For the most part, the Streakfly has been a lot of fun to run in. I didn’t enjoy the spongy feel of it at slower paces, and quickly ruled it out as a versatile option, but once you do hit your straps, the shoe comes to life.
It’s at its best on shorter reps, and smashing out 200 or 400 metres was great. The ride is still soft, but the foam bounces you back and the fact the shoe is so light makes it easy to hit and hold a high cadence. It also grips well at fast paces, even on a slightly slick outdoor track.
On a longer 2km rep indoors that averaged out around my 5K pace, the Streakfly also performed well, and I was excited to try it out at a five-mile league race with my club around Victoria Park in London. It’s a flat, fast route and there’s always a good field of runners so it was a great chance for the Streakfly to shine.
I ran 26min 28sec for a five-mile PB. The Streakfly felt great at the start and end of the race in particular, the light design making it ideal for a sprint finish.
However, in the toughest part of the race, around five to seven kilometres, I couldn’t shake the feeling that it lacked the boost of a carbon shoe, which helps you tick along and hold a good pace as you begin to fall apart. I didn’t have a huge drop-off in pace in the Streakfly, but it feels like it takes more effort to drive into the shoe and get back the bounce from the soft foam and small plate.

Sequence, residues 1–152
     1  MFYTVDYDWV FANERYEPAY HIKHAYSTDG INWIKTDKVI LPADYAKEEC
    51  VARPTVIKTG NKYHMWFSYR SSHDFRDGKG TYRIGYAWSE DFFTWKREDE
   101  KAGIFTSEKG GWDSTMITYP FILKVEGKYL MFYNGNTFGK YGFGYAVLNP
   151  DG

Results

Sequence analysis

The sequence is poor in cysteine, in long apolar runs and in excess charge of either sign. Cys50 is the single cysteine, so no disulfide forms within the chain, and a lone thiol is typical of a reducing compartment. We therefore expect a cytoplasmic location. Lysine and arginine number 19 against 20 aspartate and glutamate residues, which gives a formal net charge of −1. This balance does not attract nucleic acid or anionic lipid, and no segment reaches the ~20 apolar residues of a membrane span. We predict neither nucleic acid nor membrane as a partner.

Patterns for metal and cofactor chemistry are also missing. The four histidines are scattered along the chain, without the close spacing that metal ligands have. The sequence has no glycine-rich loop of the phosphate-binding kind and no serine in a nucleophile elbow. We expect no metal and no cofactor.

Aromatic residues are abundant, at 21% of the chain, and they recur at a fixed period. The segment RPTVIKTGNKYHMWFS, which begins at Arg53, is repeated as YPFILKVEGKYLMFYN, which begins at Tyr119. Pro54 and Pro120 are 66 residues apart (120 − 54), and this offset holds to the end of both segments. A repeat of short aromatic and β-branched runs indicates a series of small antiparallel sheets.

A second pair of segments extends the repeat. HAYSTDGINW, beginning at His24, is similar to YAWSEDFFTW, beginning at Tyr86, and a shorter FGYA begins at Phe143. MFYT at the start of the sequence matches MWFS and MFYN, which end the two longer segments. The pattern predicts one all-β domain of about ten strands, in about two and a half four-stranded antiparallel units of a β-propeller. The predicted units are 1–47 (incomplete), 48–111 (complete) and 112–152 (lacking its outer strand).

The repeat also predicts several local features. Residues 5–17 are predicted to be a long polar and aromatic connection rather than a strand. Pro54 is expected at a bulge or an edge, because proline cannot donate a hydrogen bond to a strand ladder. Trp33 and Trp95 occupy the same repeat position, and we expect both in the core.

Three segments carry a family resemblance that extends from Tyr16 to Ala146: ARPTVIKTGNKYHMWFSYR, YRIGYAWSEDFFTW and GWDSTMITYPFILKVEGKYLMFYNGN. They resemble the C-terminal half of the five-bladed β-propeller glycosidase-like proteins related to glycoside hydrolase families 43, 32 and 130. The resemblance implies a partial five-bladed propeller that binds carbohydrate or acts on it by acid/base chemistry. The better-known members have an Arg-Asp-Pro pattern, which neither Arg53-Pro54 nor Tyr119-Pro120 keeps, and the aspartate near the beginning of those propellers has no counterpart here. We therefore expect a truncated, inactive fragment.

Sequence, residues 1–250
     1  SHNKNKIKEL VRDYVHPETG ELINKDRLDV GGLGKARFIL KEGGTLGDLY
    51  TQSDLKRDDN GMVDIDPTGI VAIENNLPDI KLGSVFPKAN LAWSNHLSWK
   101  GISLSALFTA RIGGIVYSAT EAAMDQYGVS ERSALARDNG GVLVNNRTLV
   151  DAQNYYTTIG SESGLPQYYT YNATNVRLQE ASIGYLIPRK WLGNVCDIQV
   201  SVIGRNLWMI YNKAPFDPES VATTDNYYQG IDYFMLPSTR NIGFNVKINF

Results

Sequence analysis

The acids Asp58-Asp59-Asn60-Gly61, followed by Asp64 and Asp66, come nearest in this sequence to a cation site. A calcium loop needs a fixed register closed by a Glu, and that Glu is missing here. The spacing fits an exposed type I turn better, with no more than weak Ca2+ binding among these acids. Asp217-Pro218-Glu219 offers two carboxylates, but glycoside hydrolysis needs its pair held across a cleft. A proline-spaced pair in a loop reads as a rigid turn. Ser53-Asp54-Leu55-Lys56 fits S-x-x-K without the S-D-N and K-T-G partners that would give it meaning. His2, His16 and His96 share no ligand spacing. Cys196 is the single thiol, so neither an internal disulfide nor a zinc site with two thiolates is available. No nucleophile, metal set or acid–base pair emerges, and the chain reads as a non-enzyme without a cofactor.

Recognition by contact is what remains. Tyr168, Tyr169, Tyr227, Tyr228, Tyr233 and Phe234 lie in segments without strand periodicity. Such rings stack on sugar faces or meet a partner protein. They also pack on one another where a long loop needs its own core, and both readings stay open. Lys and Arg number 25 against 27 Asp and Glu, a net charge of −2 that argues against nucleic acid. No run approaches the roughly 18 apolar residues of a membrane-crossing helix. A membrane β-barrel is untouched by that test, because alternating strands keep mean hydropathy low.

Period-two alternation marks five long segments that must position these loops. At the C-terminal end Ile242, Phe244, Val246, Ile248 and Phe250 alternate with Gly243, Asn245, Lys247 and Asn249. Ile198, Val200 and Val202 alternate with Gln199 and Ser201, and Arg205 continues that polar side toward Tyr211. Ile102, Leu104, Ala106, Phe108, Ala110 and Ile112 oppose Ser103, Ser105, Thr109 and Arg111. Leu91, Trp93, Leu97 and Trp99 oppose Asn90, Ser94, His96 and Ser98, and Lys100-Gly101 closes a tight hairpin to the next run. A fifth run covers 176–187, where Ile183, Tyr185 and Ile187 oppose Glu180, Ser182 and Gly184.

To my mind, the Vaporfly and Asics Metaspeed Sky are more efficient options, even over 5K and 10K races. In fact, I think I probably went through five miles faster than 26min 28sec in the Metaspeed Sky when setting my 10K PB last year. Although I haven’t raced in it yet beyond a parkrun, I also prefer the firmer feel of the Adidas Takumi Sen 8 for short, fast running, with the EnergyRods in its forefoot adding a bit more snap to the ride than the Streakfly does.
Is The Nike Streakfly Worth It?
The Streakfly is an enjoyable shoe to run in, and it’s notable that all the shoes I’ve mentioned as being a tad more impressive are much more expensive. I can’t think of a better short-distance racing shoe for £135, but if you want the best performance possible I recommend spending the extra money for the Vaporfly or Metaspeed Sky. Bear in mind you get a great long-distance racing shoe for your money as well.
It’s probably true that much of the Streakfly’s target audience has a carbon racing shoe already. In which case, I don’t think it’s worth spending more money on another racer just for short distances. Nike, and others, really have nailed racing shoes with carbon super-shoes, and I don’t think the Streakfly improves on the winning formula of a bouncy foam with a full carbon plate.
However, if you are a short-distance racer who doesn’t like the high stacks and prices of super-shoes, the Streakfly is a great new option. It’s fun, fast and good value.
Nick Harris-Fry is a journalist who has been covering health and fitness since 2015. Nick is an avid runner, covering 70-110km a week, which gives him ample opportunity to test a wide range of running shoes and running gear. He is also the chief tester for fitness trackers and running watches, treadmills and exercise bikes, and workout headphones.